Lower Report Card Grades

Local Schools Received Lower Grades For Last Year

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Lower Report Card Grades

Schools have received their report cards for the 2018 school year

Schools have received their report cards for the 2018 school year

Schools have received their report cards for the 2018 school year

Schools have received their report cards for the 2018 school year

Tyler Hatfield, Staff Writer

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Overall, school districts in Ohio have received higher consecutive scores on their report cards for the 2018-19 school year, but 15 local districts have seen their grades drop, including Northmont. Only five local districts have seen their grades rise.

For the second time, schools and districts received an overall letter grade. This grade was calculated using results from six “components” — achievement, progress, gap closing, improving at-risk K-3 readers, graduation rate and prepared for success (Dayton Daily News).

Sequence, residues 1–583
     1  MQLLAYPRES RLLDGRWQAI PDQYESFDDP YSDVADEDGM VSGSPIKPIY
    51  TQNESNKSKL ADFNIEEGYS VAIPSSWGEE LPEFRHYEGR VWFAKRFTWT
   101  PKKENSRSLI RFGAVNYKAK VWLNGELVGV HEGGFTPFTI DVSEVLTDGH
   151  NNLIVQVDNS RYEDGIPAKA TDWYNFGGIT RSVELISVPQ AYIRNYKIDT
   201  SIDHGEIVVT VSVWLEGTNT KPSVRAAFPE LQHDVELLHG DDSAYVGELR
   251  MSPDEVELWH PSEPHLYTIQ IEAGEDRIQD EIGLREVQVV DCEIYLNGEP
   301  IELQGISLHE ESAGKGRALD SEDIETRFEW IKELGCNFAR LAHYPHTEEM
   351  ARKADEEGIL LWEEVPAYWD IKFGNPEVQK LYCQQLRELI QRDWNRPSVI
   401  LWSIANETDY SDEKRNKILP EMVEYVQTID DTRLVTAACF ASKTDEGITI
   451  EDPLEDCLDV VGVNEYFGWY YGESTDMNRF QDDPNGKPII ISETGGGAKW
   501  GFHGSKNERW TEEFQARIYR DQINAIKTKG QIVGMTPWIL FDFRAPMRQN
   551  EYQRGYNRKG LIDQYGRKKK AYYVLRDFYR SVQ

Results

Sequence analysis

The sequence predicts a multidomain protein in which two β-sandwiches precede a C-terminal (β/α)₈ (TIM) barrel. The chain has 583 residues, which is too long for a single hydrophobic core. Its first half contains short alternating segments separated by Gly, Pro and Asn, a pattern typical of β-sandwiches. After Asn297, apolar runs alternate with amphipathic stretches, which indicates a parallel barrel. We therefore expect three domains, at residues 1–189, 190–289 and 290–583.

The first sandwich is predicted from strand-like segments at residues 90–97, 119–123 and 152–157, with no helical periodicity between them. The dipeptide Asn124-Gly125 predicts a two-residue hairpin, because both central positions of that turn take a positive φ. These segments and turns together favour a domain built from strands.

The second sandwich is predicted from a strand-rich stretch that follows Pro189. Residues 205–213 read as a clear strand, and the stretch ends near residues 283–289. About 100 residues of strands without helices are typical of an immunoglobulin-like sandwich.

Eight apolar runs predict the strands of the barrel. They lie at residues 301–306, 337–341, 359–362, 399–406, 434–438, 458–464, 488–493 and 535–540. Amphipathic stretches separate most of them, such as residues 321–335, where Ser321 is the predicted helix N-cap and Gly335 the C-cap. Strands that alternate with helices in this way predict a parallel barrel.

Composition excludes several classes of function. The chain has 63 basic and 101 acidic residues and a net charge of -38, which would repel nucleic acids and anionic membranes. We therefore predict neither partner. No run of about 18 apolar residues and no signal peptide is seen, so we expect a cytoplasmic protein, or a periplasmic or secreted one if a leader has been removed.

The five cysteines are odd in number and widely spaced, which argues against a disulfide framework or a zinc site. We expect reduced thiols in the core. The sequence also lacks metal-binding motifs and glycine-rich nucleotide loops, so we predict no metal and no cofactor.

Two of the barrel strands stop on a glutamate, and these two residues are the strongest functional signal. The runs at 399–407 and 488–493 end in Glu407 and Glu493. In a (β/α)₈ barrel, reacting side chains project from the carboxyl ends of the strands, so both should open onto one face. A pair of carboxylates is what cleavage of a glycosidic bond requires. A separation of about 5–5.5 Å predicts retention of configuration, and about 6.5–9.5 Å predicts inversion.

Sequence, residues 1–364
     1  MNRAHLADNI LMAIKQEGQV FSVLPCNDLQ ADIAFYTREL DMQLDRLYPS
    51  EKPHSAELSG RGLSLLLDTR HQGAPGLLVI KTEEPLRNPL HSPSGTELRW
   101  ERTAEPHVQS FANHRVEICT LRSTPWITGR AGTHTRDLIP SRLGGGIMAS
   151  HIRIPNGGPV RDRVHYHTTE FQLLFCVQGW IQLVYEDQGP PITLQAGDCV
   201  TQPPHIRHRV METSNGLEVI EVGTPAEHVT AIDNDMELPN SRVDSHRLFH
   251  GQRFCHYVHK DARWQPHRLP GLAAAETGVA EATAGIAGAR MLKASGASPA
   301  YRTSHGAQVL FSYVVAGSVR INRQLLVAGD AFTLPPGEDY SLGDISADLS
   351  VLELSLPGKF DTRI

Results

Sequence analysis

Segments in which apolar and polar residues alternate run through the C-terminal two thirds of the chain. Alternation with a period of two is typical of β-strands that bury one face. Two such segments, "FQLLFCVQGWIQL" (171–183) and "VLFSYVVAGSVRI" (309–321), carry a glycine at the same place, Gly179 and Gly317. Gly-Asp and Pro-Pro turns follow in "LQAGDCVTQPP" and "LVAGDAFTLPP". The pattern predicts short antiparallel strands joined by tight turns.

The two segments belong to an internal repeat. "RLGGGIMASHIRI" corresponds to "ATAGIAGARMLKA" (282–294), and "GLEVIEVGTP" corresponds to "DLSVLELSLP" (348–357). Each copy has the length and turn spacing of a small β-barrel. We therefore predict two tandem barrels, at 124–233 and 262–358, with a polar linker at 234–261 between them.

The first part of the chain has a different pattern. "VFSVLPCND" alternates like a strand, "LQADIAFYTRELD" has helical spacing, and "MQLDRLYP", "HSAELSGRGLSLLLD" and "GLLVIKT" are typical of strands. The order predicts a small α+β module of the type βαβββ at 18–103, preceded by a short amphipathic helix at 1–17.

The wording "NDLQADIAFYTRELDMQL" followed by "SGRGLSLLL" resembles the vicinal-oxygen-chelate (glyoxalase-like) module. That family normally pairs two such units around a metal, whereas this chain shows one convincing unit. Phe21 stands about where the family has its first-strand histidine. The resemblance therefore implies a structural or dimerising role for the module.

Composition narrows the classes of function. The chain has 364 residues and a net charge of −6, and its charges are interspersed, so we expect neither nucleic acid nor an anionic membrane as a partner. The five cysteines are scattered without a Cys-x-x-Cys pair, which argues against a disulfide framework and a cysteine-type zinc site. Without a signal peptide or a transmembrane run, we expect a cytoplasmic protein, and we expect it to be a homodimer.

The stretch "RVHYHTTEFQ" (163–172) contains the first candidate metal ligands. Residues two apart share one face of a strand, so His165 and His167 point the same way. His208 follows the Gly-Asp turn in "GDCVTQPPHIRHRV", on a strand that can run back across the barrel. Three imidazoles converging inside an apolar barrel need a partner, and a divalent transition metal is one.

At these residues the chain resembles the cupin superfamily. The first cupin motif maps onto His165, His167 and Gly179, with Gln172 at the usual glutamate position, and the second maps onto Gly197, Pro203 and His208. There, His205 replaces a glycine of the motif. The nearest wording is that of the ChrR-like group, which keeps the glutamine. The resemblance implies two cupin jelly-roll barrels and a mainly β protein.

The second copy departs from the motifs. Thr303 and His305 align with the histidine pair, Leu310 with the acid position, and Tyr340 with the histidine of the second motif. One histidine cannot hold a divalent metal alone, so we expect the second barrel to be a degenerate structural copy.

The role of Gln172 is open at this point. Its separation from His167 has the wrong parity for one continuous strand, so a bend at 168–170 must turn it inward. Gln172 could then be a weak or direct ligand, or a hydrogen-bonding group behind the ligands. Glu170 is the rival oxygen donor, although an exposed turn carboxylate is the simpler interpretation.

Some of the largest school districts in the Dayton area including Lebanon, Springboro, Kettering, Beavercreek, and Centerville, each received an overall “B” from the Ohio Department of Education; Troy, Northmont, Miamisburg and Fairborn received a “C”; and West Carrollton, Huber Heights and Xenia got a “D” (Ohio School Report Cards).

 

Surprisingly, Brookville joined with Centerville in receiving all “A’s” on their report card, despite this spring’s Memorial Day tornados that destroyed the school’s roof. Brookville was among the 40 districts in Ohio to receive straight-A’s on all parts on the “student progress” component on the report card from state tests.

Brookville School’s superintendent Tim Hopkins said “You have to be dedicated to hard work and content. We set goals every year, align instructional practices that we think support those and then put our heads down and work hard.We have parents who want their kids to do well in school, staff who work extremely hard, and a lot of credit should go to the kids, who do their best every day.”

However, Adam Voight, director of Cleveland State University’s Center for Urban Education, says “Schools with more disadvantaged (poverty or disability) students perform worse, and this has little to do with anything happening in the school.”